Insights from our team: Your IT is ready for a cyber crisis. Is your comms team?

Comms teams can change how organizations respond to cyber crisis, not just clean up the mess after it happens

By James Stranko

As businesses respond to the ongoing Russian invasion of Ukraine, many have become justifiably concerned about retaliation in the form of cyberattacks.

Russia is a no stranger to cyber warfare against private enterprise. The very public positions many organizations have taken against a simultaneously belligerent and defensive government paint bright targets for potential attackers.

And while infosec teams are busy asking leadership for generous technical budgets to shore up defenses, comms leaders can make a case for simpler (and more cost-efficient) investments in cyber readiness right now for the short- and long-term.

Here are three ways the communications function can join the fight to lower the chances of a successful attack while raising awareness and capabilities across the organization.  

1. Educate employees on how the cyber threat has evolved

Many executives have a very limited understanding of what cyberattacks look like. Pervasive corporate email campaigns to combat phishing, along with years of headlines about data leaks and ransomware, have conditioned most employees to think that the only way to get hacked is to click on a suspicious link or attachment. But cyberattacks and fraud take many less-obvious forms, and the communications function is well-positioned to teach and train employees to be front-line soldiers against evolving threats.

One example where comms can play an important role in stopping attackers is educating employees about social engineering, or “smishing” and “vishing”, where criminals combine traditional cyber tactics with human intervention to gain the information necessary to strike. Even the most failsafe tech is no match for a pushy scammer who can exploit an employee’s trust. Comms teams are expert at creating talking points for interviews with the press, or conversations with policymakers or shareholders.

These same teams can also do an ace job at creating internal comms campaigns and agreed protocols for how employees should respond to requests for sensitive information like login credentials, financial details, or even executive whereabouts, and give air cover to junior employees who may make what seems like a bad business decision in service of confidentiality and information security.

2. Teach employees how to spot (and respond to) fake information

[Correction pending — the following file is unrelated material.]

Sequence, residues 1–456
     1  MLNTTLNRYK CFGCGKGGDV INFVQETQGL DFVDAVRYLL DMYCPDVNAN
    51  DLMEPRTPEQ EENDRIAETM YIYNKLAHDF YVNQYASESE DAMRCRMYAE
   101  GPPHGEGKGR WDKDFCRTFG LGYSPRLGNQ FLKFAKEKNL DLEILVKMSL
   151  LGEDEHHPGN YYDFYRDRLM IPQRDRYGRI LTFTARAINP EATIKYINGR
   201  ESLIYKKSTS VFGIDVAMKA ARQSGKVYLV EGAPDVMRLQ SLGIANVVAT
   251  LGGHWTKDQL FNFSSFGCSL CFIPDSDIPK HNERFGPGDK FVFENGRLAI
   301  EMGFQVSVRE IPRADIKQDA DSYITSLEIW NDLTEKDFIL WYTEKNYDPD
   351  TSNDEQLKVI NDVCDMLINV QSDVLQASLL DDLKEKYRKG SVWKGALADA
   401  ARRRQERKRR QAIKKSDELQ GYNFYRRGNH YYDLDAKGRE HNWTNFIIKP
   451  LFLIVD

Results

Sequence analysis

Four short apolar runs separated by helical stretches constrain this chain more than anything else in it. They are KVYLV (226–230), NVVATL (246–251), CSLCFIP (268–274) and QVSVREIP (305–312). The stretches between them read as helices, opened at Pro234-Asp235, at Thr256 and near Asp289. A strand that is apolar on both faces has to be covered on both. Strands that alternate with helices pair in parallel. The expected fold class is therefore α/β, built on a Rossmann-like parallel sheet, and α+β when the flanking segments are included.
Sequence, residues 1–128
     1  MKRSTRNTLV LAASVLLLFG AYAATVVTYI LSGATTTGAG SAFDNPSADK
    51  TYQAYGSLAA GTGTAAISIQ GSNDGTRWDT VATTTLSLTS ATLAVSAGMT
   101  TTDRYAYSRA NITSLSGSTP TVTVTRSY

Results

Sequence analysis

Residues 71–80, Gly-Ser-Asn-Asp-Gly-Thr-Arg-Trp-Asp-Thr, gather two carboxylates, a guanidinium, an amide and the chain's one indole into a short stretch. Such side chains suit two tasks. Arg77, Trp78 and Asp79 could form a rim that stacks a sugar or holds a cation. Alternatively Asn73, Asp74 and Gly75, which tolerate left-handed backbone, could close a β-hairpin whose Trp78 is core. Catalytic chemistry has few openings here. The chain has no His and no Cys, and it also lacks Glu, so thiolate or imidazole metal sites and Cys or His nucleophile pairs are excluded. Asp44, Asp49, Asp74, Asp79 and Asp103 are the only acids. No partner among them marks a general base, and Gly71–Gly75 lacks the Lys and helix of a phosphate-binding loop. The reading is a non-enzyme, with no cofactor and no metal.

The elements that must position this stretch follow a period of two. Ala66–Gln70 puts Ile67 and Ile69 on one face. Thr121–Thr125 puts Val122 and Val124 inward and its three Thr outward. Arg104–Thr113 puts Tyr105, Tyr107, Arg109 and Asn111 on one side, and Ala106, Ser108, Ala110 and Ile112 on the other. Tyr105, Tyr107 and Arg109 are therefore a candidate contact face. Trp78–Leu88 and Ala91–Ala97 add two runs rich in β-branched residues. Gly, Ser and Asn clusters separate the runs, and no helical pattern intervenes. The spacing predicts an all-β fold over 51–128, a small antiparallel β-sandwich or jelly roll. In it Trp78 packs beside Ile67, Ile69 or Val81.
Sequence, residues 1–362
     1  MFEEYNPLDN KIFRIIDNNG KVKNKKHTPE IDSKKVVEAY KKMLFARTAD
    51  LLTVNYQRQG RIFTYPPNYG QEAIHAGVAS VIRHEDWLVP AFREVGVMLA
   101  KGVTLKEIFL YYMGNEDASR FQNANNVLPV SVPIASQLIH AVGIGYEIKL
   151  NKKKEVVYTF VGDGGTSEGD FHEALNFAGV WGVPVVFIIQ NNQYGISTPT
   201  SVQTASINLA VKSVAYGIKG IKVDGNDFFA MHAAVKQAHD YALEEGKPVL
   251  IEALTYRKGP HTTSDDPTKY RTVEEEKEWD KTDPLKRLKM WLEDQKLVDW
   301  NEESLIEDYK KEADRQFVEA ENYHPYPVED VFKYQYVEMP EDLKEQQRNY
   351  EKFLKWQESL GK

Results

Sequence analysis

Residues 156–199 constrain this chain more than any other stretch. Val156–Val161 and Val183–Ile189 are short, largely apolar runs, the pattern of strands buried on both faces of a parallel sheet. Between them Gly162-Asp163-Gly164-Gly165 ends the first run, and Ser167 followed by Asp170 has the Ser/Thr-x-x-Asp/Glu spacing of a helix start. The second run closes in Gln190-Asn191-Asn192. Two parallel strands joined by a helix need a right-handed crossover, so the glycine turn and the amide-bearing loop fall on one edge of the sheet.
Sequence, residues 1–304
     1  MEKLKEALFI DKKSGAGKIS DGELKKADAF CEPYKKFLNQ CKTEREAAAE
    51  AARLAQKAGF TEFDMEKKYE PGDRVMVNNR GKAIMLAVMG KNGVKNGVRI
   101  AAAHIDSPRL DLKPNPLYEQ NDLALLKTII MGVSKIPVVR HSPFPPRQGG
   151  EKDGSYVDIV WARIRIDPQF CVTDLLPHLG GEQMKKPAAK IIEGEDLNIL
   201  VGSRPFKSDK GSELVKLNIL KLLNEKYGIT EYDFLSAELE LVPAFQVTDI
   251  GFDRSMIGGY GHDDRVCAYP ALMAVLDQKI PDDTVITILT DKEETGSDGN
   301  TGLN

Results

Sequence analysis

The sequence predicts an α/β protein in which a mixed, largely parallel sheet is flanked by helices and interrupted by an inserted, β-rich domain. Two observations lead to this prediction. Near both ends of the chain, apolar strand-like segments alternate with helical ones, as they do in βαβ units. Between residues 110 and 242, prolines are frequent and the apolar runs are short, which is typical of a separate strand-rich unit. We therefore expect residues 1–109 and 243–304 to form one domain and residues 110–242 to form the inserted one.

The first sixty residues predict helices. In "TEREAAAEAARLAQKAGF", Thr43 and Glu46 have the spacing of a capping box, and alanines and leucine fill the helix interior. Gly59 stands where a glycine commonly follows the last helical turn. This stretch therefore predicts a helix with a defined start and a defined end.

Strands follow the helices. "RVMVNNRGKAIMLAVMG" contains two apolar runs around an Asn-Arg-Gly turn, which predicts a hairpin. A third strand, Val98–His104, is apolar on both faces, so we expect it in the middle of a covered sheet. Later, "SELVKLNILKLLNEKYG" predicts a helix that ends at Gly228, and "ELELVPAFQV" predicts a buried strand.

While many cyber criminals are motivated by ransom or by data theft, companies exposed to political or other volatile situations need to become resilient against attacks that are designed to sow chaos and doubt rather than steal something specific.

These can take the form of disinformation campaigns, where a malicious actor spreads untrue or partially-true (but out-of-context) information through social or other traditional channels to put an organization on the defensive. Think deepfakes, where videos, photos, or other visual assets are manipulated to omit or change vital pieces of information.

They can also take the form of misinformation, where the story isn’t necessarily untrue but that the amplification or decontextualization makes the information damaging.

Comms leaders have an integral role to play in building business resiliency against fake information. Internal communications channels are important, but comms leaders can create lasting impact by building resources to verify and validate company information. By centralizing the “source of truth” for companies, and by enabling employees to be the “eyes and ears” of the corporate comms team, organizations can spot and respond to threats more quickly.  

3. Build trusted crisis communications protocols and channels

Some people perform better under pressure but just as many crack. Cyber criminals expertly manipulate uncertainty, fear, and disorganization to find the weakest spot in organizations to attack.

The Chief Information Security Officer’s (CISO) team spends significant resources trying to keep attackers out of technical channels. But once the dam breaks, the job of scooping up the water often falls to comms and legal teams as the reputational damage swells.

Some of the worst breaches (think Equifax as the poster child) had reputation damages that stemmed more from the mismanagement of the crisis than from the crisis itself.  

In the fog of crisis, comms teams are often caught on the back foot because they do not plan alongside the CISO or the CIO’s team (or are not invited to the table). This creates an ideal environment for broken trust, blame-shifting behavior, and suboptimal outcomes.

Comms teams that get to know their CISO or CIO, in service of being useful in a breach situation, can also embed themselves meaningfully into their crisis planning. At a minimum, this should take the form of being a consulted or informed party in different stages of a cyber crisis. Ideally, the teams would plan, rehearse, and execute company-wide cyber crisis drills to test organizational and communications resiliency. While there are lots of backstops built into technology, there are very few failsafes for flawed human behavior.